Other Free Encyclopedias » Animal Life Resource » Mammals » Viscachas and Chinchillas: Chinchillidae - Physical Characteristics, Behavior And Reproduction, Viscachas, Chinchillas And People, Conservation Status, Long-tailed Chinchilla (chinchilla Lanigera): Species Account - GEOGRAPHIC RANGE, HABITAT, DIET

Viscachas and Chinchillas: Chinchillidae - Species Account

tailed mammals accessed lanigera

Geographic range: Also known as the Chilean chinchilla, it lives only in the mountainous regions of northern Chile.

Mother and baby long-tailed chinchillas may greet one another by rubbing snouts. (Jane Burton/Bruce Coleman Inc. Reproduced by permission.)

Habitat: This species lives in semiarid, rocky, and sparsely vegetated areas between 9,840 and 16,400 feet (3,000 to 5,000 feet).

Diet: The long-tailed chinchilla eats mainly grass and seeds of any available plants, but sometime eats insects and bird eggs as well.

Behavior and reproduction: Biologists report that female long-tailed chinchillas are generally monogamous, meaning that they have only one mate. They carry their young for an average of 111 days, usually delivering two pups. Most will have two litters a year. Mating seasons are from May to November in the Southern Hemisphere and from November to May in the Northern Hemisphere.

This species is active mostly at dusk and at night. Females are the dominant species in the colonies, which can reach up to 300 individuals, and show high levels of aggression with much vocalization. Long-tailed chinchillas are famous for their feats of agility as they leap about their rocky homes. Captive-bred chinchillas are very shy and bond easily with their owners.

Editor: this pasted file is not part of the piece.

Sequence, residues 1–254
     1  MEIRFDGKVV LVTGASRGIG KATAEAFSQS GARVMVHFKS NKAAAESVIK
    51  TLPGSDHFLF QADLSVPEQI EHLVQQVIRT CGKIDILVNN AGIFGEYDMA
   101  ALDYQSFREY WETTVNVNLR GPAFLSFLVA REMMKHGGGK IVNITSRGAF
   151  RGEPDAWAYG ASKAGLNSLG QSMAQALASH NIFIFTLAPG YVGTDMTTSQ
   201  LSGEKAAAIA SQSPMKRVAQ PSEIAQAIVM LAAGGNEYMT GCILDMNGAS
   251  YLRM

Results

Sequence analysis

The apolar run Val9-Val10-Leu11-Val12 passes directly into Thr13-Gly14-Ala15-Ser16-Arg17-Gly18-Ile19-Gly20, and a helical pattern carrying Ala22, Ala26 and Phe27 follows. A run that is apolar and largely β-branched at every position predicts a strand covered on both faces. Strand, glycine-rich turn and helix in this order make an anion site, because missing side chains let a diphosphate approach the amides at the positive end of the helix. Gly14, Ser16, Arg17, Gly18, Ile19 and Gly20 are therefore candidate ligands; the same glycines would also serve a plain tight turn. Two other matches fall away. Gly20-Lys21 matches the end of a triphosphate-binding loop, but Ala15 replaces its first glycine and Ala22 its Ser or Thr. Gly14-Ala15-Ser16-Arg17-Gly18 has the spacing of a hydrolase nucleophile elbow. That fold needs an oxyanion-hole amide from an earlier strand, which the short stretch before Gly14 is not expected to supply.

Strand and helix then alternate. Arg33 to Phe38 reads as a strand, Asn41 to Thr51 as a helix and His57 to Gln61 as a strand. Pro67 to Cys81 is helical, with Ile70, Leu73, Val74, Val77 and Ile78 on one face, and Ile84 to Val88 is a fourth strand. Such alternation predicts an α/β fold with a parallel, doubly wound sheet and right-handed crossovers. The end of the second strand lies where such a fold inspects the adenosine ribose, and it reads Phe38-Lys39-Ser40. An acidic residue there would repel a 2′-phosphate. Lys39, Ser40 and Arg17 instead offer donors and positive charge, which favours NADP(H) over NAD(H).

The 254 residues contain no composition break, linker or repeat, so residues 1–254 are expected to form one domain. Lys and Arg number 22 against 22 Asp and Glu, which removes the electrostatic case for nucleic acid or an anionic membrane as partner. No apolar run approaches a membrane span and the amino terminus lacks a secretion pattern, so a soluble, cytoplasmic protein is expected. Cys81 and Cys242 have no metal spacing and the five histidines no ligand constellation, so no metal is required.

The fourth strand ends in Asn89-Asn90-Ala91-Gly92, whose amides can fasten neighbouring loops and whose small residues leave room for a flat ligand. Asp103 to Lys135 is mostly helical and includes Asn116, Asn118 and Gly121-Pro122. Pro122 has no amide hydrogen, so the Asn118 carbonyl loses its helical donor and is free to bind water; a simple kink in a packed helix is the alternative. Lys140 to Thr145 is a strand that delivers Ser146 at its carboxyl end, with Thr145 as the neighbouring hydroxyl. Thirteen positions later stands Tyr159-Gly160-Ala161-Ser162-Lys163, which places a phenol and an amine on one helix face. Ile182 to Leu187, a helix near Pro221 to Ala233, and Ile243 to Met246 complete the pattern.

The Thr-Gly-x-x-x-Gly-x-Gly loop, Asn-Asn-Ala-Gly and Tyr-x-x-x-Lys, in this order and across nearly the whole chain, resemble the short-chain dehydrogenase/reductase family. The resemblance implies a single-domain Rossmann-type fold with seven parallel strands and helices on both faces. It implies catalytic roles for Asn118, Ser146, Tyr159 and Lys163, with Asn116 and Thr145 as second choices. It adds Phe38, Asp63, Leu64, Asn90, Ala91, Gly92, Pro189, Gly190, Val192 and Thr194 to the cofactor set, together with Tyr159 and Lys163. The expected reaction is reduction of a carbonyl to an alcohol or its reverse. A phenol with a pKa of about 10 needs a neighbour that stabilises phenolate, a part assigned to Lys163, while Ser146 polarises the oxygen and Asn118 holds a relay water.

Long-tailed chinchillas and people: Even among mammals prized by humans for their pelts, the long-tailed chinchilla is especially sought after. Coats made of their fur have sold for more than $100,000. Many of the animals are cross-bred with other species in captivity for this purpose.

Conservation status: The IUCN has listed this species as Vulnerable. With the last sighting of the animal in 1953, it is virtually unknown in the wild. Before laws had been put in place to protect the species, seven million pelts (individual furs) had been exported to buyers in other countries. They are also threatened by habitat destruction— specifically the burning and harvesting of the algarobilla shrub. ∎



Burton, J. The Collins Guide to the Rare Mammals of the World. Lexington, MA: The Stephen Greene Press, 1987.

Nowak, Ronald M. "Chinchillas." In Walker's Mammals of the World Online 5.1. Baltimore: Johns Hopkins University Press, 1997. http://www.press.jhu.edu/books/walkers_mammals_of_the_world/rodentia (accessed on June 23, 2004).

Redford, K. H. Mammals of the Neotropics: The Southern Cone. Vol. 2. Chicago: University of Chicago Press, 1992.


Jimenez, J. "The Extirpation and Current Status of Wild Chinchillas, Chinchilla lanigera and C. brevicaudata." Biological Conservation 77 (1995): 1–6.

Web sites:

"Long-tailed Chinchilla; Chinchilla lanigera." ARKive Images of Life on Earth. http://www.arkive.org (accessed on June 23, 2004).

"Chinchilla lanigera." Animal Diversity Web. http://animaldiversity.ummz.umich.edu (accessed on June 23, 2004).

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